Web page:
There is, perhaps, no sight more depressing to a vegetable grower than the ubiquitous late-summer phenomenon of piles of overgrown zucchini being given away on little makeshift roadside tables dotting our rural, country roads.
Zucchini is the butt of jokes, its prodigious production and speed of growth overwhelming all but the most attentive caretakers. In order to keep our plants in good health and to keep the fruit size moderate, we pick twice a day, morning and night.
Indeed, there comes a point where even the most ardent enthusiasts of this noble fruit seem to have had enough.
But I don’t know of any vegetable more versatile in the kitchen or more able to take on different guises with aplomb. Zucchini fits in everywhere: in numerous side dish preparations, as a main course, in soups, in pasta sauces, in broth, in frittatas and risotto. The diverse uses of zucchini in the kitchen are more than able to keep up with the quantity this time of year. No zucchini should end up, sad and deflated, on some roadside table being given away for nothing.
So this will be the first in a series of posts on zucchini. I have the ambition and desire, if not the time, to publish a different zucchini recipe every day for a week. I’ll do my best, and hopefully offer some new ideas to those struggling to make the most of their zucchini this time of year.
First a note on the name and proper size of zucchini. In Italian, the word “zucca” means pumpkin or squash. Zucchini, therefore, is Italian for “little pumpkin”. Although in the US we tend to call the green type “zucchini” and all other colors and types “summer squash”, in Italian all summer squash are called “zucchini” and I follow that practice.
As for size, the human inclination to swing from one extreme to another has led some, in response to many zucchini being sold too large, to refuse to eat zucchini any larger than the diameter of a nickel. This is folly. I aim to harvest my zucchini at around 8 ounces, so that two together make a pound, though I think anything between 4 and 12 ounces is reasonable. Don’t let anyone convince you that little baby 2-ounce zucchini represent the pinnacle of zucchini pleasure!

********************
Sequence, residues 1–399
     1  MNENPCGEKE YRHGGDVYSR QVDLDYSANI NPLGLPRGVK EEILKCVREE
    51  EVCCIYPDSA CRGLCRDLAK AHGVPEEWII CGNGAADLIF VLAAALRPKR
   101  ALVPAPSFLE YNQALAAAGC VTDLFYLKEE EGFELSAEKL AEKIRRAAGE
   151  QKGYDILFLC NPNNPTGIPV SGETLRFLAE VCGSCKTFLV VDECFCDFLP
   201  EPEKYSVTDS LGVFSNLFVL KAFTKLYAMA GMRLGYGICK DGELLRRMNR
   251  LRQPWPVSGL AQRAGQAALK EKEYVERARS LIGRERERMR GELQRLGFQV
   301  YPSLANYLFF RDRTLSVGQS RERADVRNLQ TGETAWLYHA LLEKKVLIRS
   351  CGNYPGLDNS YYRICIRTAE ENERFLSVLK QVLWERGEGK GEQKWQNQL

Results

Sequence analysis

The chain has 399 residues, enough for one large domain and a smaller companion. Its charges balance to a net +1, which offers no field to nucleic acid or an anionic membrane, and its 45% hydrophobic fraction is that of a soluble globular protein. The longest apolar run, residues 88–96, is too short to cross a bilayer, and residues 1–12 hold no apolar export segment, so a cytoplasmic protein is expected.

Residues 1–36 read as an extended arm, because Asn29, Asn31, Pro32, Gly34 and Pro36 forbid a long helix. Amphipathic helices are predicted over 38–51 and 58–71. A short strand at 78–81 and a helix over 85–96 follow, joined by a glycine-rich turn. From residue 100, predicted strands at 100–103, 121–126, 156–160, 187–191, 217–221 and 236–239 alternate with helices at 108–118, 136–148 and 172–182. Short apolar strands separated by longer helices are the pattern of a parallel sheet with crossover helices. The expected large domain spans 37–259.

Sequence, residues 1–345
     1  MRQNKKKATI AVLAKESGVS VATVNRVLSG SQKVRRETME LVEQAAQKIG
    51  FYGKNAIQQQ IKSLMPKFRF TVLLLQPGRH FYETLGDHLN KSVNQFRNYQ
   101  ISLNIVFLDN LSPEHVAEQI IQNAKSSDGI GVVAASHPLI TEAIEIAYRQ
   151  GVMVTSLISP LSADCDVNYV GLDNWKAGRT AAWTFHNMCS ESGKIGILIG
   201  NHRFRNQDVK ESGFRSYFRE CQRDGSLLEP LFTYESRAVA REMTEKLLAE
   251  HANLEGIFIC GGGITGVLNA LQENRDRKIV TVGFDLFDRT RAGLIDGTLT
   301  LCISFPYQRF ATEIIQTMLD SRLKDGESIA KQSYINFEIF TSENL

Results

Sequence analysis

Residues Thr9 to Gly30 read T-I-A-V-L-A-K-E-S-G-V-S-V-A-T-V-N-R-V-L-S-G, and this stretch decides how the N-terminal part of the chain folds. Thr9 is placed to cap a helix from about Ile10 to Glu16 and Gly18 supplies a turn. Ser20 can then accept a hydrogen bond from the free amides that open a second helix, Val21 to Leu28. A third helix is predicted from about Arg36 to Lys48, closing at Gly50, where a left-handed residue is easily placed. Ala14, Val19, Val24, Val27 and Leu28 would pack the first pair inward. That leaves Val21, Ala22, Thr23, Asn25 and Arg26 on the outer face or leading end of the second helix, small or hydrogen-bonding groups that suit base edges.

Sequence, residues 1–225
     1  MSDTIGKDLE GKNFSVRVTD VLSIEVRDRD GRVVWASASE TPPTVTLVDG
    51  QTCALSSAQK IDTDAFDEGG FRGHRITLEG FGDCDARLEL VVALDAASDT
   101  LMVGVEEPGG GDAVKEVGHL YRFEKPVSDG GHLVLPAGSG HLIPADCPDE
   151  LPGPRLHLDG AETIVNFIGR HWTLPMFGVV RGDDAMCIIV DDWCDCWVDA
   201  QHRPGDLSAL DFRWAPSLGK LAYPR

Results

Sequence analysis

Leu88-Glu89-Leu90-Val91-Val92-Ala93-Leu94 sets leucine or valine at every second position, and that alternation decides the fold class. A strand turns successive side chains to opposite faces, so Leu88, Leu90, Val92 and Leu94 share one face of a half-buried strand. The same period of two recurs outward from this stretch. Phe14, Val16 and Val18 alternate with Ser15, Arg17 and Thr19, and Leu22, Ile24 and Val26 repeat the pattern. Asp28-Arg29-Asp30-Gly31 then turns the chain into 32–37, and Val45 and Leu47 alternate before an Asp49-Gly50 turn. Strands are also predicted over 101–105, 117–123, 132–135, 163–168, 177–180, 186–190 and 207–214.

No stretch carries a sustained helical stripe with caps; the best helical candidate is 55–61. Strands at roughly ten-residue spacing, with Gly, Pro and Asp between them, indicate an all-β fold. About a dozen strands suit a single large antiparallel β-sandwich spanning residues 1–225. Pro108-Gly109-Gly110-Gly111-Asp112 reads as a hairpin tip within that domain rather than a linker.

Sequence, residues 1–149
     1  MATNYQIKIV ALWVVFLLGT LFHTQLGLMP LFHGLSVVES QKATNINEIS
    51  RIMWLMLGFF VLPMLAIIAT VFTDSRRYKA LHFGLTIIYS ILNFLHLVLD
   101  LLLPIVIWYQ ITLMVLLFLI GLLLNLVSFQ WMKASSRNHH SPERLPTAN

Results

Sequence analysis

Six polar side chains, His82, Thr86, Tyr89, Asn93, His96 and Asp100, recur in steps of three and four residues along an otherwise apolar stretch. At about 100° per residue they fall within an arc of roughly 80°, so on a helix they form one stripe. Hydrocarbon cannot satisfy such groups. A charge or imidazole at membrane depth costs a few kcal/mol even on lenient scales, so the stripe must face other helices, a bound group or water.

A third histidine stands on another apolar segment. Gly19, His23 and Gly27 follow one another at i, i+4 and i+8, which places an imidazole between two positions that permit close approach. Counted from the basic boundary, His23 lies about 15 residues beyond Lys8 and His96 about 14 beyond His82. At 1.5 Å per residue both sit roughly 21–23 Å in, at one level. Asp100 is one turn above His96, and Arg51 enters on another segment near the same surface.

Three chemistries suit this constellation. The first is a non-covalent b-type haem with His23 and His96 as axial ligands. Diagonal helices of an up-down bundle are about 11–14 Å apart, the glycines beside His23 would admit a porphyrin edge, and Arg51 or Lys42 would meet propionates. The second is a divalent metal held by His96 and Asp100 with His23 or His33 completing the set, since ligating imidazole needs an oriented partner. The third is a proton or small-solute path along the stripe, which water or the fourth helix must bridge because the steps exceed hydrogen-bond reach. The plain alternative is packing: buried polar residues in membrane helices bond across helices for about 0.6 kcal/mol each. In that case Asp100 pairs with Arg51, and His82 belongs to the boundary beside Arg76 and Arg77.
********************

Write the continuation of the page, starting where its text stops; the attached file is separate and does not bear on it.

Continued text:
Spaghetti with zucchini & mint (makes 2 or 3 servings)
Begin by cutting 8 ounces zucchini into half moons or little cubes. The choice you make here will affect the final result, but one is certainly not better than the other.
Also slice or chop about 2 to 4 ounces of onion and (optionally) an ounce or two of pancetta or bacon.
While your pasta water is heating, cook the pancetta and onion over medium-high heat in a generous bit of olive oil until a little softened and very lightly colored. Add the zucchini along with a pinch of salt and stir well.
It’s okay for the zucchini to overlap a bit, but not too much. Keep the heat strong enough to produce some real sizzle and some light browning, but not so strong that there’s a danger of burning. Be mindful that the zucchini has adequate lubrication, adding additional olive oil as needed.
After about 10 minutes, the zucchini should be softened and significantly reduced in bulk. Remove from heat.
Cook your pasta (about 150 grams for 2 to 3 people) in properly salted water (1 to 2 tablespoons for 4 quarts), and just before it is ready, return the sauce to strong heat. Taste for salt, and also season with black and/or hot pepper. Perhaps add a knob of butter if the spirit moves you. Finally, add a generous bit of mint leaves, either whole or chopped as you prefer. There is something about mint and zucchini which works beautifully. Of course, other herbs are suitable too (basil or parsley), but mint does something special for zucchini.
Drain the pasta and toss in the pan with the zucchini. Some people might add a little of the starchy pasta water, though I rarely do this.
Serve at once, garnished with a little drizzle of olive oil.